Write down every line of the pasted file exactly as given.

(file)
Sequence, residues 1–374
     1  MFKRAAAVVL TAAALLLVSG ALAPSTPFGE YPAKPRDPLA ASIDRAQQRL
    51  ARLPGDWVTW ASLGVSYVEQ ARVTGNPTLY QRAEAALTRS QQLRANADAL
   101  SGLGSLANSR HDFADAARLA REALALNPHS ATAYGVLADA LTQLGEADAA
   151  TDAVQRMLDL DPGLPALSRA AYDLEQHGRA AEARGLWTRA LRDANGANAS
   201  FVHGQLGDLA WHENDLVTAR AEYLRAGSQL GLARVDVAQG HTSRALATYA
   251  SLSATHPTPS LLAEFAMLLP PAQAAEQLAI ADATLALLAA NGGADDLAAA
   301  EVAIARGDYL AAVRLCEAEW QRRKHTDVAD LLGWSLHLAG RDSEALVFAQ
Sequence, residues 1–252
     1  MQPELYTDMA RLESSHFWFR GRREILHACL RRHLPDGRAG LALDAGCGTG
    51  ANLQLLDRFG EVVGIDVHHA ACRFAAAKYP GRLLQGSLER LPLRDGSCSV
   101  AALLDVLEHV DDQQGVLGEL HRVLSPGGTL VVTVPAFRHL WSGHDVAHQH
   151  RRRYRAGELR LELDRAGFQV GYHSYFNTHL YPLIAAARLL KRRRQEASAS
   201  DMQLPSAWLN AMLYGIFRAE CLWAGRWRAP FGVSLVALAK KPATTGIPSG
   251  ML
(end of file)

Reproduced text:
Sequence, residues 1–374
     1  MFKRAAAVVL TAAALLLVSG ALAPSTPFGE YPAKPRDPLA ASIDRAQQRL
    51  ARLPGDWVTW ASLGVSYVEQ ARVTGNPTLY QRAEAALTRS QQLRANADAL
   101  SGLGSLANSR HDFADAARLA REALALNPHS ATAYGVLADA LTQLGEADAA
   151  TDAVQRMLDL DPGLPALSRA AYDLEQHGRA AEARGLWTRA LRDANGANAS
   201  FVHGQLGDLA WHENDLVTAR AEYLRAGSQL GLARVDVAQG HTSRALATYA
   251  SLSATHPTPS LLAEFAMLLP PAQAAEQLAI ADATLALLAA NGGADDLAAA
   301  EVAIARGDYL AAVRLCEAEW QRRKHTDVAD LLGWSLHLAG RDSEALVFAQ
Sequence, residues 1–252
     1  MQPELYTDMA RLESSHFWFR GRREILHACL RRHLPDGRAG LALDAGCGTG
    51  ANLQLLDRFG EVVGIDVHHA ACRFAAAKYP GRLLQGSLER LPLRDGSCSV
   101  AALLDVLEHV DDQQGVLGEL HRVLSPGGTL VVTVPAFRHL WSGHDVAHQH
   151  RRRYRAGELR LELDRAGFQV GYHSYFNTHL YPLIAAARLL KRRRQEASAS
   201  DMQLPSAWLN AMLYGIFRAE CLWAGRWRAP FGVSLVALAK KPATTGIPSG
   251  ML